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Reflections Of A Golden Dream (MP3), MP3 (£7.90)
His final Flying Dutchman album. An impressive mixture of jazz and funk.
It is somewhat ironic that in the mid-70s, as record companies looked for a commercial crossover formula, Lonnie Liston Smith became the biggest star of Flying Dutchman’s late period when it was part of the major label RCA’s empire. What RCA required was sales, and Lonnie delivered them without compromising his artistic vision.
The pianist had first come to the jazz world’s attention in 1969 when, as a member of Pharoah Sanders’ group, he had been intrinsic to their brand of spiritual jazz. From there he had gone on to join Argentine saxophone great Gato Barbieri, before ending his career as a sideman by joining Miles Davis’ group.
It was here he suddenly found himself in demand as a solo performer and signed with Bob Thiele’s Flying Dutchman label. Thiele had produced Sanders’ and Barbieri’s breakthrough albums and used his familiarity with Lonnie to get the deal. His first two albums for the label saw him trying to forge his own style, something that became fully realised with the cosmic jazz sound of 1975’s “Expansions”.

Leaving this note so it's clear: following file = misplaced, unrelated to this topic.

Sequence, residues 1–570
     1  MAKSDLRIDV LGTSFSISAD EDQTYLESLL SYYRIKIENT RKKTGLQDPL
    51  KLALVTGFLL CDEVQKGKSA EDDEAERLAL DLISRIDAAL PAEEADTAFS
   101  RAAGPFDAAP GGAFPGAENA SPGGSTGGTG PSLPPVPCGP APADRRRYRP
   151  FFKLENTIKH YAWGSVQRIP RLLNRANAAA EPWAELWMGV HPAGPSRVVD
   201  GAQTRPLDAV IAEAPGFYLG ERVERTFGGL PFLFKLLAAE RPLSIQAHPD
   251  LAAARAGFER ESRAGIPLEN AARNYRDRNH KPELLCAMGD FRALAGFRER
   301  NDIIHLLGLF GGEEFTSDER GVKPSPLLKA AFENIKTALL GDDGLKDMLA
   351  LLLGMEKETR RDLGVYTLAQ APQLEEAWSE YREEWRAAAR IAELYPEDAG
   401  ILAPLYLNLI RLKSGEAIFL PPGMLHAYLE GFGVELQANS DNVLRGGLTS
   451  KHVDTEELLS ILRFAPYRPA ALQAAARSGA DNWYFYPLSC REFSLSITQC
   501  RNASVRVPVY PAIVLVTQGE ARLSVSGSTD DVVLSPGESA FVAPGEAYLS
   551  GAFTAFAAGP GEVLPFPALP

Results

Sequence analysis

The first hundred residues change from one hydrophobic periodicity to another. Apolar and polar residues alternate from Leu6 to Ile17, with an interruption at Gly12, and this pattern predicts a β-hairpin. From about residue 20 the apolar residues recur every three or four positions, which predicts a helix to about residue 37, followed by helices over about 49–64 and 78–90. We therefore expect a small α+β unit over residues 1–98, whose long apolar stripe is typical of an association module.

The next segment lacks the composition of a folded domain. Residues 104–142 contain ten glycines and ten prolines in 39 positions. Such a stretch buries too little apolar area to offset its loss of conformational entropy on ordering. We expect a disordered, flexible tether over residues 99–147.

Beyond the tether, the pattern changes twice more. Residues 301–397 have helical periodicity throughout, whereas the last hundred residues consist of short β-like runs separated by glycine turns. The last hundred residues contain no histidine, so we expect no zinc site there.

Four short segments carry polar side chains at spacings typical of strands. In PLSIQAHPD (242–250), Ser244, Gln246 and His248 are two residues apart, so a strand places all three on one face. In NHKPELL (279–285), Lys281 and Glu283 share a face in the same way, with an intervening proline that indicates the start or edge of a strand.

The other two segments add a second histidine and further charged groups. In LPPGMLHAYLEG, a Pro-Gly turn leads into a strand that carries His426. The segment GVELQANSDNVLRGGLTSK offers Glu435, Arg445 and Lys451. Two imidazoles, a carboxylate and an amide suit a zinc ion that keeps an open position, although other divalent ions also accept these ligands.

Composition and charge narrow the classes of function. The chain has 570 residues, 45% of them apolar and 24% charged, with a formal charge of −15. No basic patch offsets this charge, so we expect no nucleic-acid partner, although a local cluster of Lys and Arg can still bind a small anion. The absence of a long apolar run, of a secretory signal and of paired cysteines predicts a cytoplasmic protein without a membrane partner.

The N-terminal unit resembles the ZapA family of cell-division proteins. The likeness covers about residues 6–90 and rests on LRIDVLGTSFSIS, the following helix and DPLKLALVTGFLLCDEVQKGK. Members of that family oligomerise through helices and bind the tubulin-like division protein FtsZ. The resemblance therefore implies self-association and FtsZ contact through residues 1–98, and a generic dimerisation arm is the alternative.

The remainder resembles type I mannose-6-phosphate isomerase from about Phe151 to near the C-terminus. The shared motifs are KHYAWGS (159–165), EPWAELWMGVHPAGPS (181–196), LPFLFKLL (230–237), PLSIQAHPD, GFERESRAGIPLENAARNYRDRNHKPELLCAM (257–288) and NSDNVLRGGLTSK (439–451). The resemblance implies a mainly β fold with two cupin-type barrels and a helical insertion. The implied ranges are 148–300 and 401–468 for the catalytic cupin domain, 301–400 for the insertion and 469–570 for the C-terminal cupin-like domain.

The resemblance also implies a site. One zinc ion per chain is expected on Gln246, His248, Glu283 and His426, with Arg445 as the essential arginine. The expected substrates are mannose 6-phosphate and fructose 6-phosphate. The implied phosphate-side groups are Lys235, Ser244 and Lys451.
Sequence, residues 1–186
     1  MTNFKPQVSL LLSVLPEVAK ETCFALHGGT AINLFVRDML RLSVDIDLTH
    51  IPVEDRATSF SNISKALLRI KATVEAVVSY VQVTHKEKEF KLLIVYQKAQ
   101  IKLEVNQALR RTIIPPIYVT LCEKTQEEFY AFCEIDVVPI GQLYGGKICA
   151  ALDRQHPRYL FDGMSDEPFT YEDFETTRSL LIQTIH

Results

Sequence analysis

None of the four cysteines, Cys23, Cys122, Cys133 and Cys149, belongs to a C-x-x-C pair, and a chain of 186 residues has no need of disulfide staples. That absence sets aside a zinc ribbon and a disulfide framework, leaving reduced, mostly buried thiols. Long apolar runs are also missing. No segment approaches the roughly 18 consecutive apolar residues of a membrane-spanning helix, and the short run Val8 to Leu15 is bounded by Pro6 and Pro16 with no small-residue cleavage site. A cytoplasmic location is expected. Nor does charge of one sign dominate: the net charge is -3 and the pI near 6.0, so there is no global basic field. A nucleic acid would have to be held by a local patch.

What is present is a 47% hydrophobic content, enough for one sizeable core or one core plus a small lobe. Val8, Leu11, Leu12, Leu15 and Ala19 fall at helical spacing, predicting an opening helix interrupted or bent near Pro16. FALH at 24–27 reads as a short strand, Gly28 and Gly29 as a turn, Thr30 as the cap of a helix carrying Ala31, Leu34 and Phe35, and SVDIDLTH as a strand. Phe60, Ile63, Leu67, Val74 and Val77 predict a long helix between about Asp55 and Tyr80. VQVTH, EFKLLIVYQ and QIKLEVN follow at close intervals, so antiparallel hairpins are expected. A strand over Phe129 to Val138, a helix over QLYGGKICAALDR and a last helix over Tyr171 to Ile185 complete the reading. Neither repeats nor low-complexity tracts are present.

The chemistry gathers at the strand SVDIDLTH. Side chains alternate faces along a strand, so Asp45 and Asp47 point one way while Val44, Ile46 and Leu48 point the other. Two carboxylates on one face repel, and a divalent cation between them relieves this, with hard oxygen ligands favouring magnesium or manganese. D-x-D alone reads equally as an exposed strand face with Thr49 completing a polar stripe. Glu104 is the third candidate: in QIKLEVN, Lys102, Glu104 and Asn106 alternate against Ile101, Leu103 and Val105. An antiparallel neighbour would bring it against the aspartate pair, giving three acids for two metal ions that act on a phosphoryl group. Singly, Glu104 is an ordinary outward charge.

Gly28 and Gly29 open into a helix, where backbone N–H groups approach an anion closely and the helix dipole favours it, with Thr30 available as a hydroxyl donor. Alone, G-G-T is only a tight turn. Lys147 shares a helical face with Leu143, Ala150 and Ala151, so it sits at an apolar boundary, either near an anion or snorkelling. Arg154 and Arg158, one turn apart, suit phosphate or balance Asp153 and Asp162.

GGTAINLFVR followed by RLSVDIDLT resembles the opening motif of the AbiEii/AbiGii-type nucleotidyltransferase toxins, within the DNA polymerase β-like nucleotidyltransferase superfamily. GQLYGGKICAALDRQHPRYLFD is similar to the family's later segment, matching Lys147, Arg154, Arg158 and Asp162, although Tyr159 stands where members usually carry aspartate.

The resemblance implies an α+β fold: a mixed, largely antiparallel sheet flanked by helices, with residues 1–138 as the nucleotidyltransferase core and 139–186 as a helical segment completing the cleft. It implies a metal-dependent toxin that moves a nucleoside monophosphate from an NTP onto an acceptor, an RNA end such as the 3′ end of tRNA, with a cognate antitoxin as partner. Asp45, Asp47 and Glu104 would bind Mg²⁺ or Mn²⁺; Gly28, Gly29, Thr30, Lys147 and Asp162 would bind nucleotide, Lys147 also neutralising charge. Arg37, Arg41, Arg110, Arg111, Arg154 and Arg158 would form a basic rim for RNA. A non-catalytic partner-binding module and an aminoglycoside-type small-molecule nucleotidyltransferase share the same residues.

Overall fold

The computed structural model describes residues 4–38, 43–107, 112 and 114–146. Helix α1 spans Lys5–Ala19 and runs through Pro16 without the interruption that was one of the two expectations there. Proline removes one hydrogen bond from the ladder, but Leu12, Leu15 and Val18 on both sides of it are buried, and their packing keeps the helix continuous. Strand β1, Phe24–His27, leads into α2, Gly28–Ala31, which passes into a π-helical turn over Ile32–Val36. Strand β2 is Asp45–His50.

Lonnie had a vision of a world where peace and love were the driving forces and people would use their minds to achieve this goal. The title track of “Expansions” saw this view expressed by the vocals of his brother Donald over a double bass-led rhythm. It proved to be a smash and one of the most recognisable jazz tracks of the decade.
By the time he released “Reflections Of A Golden Dream” he had honed his style and the record shows the very best of Lonnie’s mid-decade sound. Analogue synthesisers colour a fairly traditional latinised set of rhythms. Donald Smith sings in a style that is influenced by the best jazz and gospel voices, and there is plenty of fine playing from Lonnie and saxophonist David Hubbard. The album even has its own anthemic opener in ‘Get Down Everybody (It’s Time For World Peace)’ on which, for the first time on his own albums, Lonnie takes on the lead vocal duties.
His next album, “Renaissance”, was issued on to the main RCA label, Flying Dutchman having ceased operating. Lonnie continues to record and, 40 years after “Expansions”, his music is still loved.